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    4 words selected from the 4000 most common words is 48 bits. You get 560M guesses per dollar, or 29 bits per dollar. To crack a 4x4k XKCD style password, that is 19 bits of dollars, or half a million dollars. To crack a 5x4k XKCD style password, you need 31 bits of dollars, or 2 billion dollars. To crack a 6x4k XKCD style password you need 43 bits of dollars, or 8 trillion dollars. To crack a 7x8k XKCD style password, you need 62 bits of dollars, or the GDP of the world for approx 60,000 years, all devoted to nothing but cracking the password. And that is with a poor hash defending it. – Yakk Aug 21 '15 at 18:08
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The specific attack your talking about had, per the defcon talk, certain specific characteristics that mean that the same attack doesn't really apply to all passwords.

First and most importantly, brainwallets effectively put the password hash in a public location. Usually the first defence against cracking of password hashes is to try and secure the hash itself.

Second up, brainwallet didn't use any of the common password storage algorithms (e.g. PBKDF2 or bcrypt) to protect the hashes. In cases where the attacker gets access to the hash, it's important to try and slow down their attack as much as possible. Password storage algorithms do this by making it "Computationally difficult" for the password hash to be created from the password, slowing down the attack. There's loads more details on these here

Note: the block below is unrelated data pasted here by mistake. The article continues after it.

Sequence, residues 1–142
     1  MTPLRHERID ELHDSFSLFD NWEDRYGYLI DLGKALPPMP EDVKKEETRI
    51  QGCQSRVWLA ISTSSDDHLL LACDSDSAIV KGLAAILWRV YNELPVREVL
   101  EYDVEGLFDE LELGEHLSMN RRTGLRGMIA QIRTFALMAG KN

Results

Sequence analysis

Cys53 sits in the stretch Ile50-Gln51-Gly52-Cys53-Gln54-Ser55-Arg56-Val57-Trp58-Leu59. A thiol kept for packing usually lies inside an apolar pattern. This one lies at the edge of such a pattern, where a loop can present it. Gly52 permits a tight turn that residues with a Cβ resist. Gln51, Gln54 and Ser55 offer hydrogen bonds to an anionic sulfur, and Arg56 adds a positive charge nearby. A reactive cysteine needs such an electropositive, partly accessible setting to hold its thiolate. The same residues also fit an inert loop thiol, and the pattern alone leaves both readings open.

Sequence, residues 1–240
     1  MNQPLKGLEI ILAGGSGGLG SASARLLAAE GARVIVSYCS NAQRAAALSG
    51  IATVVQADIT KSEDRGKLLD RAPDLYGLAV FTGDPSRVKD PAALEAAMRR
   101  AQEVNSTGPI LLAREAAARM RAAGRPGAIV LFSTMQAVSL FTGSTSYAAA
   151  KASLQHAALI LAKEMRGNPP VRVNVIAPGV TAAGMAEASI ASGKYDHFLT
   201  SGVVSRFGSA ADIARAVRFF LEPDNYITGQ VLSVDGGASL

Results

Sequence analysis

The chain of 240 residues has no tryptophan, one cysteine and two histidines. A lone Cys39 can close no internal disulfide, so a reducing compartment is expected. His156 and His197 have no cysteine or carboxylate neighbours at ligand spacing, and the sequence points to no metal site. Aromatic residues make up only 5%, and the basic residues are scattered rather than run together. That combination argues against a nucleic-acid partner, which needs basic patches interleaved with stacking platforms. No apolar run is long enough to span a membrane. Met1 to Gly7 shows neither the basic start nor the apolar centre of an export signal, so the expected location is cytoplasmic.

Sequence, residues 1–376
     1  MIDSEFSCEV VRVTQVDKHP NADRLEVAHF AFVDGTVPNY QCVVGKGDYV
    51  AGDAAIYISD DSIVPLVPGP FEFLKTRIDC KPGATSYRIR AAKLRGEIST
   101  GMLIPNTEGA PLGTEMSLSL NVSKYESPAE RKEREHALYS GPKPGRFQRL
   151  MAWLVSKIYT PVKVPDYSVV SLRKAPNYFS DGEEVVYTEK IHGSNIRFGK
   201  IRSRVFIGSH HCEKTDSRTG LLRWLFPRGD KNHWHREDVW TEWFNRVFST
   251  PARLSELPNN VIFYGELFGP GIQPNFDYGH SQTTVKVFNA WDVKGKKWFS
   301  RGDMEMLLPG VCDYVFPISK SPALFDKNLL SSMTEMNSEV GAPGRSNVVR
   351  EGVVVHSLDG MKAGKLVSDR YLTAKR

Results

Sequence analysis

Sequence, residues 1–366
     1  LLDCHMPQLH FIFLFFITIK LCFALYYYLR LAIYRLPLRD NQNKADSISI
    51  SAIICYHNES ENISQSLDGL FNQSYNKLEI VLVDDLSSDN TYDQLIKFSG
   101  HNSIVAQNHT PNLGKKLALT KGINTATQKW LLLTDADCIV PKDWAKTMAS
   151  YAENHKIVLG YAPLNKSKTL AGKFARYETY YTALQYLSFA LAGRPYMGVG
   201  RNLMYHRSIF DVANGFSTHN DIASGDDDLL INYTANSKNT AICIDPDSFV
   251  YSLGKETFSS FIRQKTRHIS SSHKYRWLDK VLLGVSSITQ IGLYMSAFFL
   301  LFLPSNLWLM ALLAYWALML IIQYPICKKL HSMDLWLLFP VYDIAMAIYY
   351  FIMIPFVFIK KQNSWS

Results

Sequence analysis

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Interesting question. @RoryMcCune nicely addressed the question about brainflyer, so I'd like to address your more open-ended question:

are passwords such as "this is fun" really as safe as Thomas Baekdal claims?

No, no it is not.

My first thoughts are 1) that Thomas Baekdal doesn't explain how he's calculating his time estimates, which makes my inner scientist skeptical, and 2) that his article doesn't take into account Moore's Law - the idea that our computing power is increasing at an alarming rate. The article was written in 2007 and since then both our brunt computing power per $, and ability to effectively use parallel processors (esp. GPGPU's) have gone up leaps and bounds.

I take issue with his statement: "100 years - this is really the limit for most people. Who cares about their password being hacked after they have died?". This is a fallacy; this number is based on the speed of today's computers and assumes that technology will not increase during those 100 years.

In my opinion, passwords are a dying technology since they do not scale with CPU speed (ie, our ability to crack them is increasing exponentially, but our ability to remember longer ones is not). Unfortunately, no single technology has risen yet to replace them. Two good attempts to solve the scaling problem come to mind:

  1. Private key-based authentication. This scales since we can keep increasing the key size as CPU speed increases.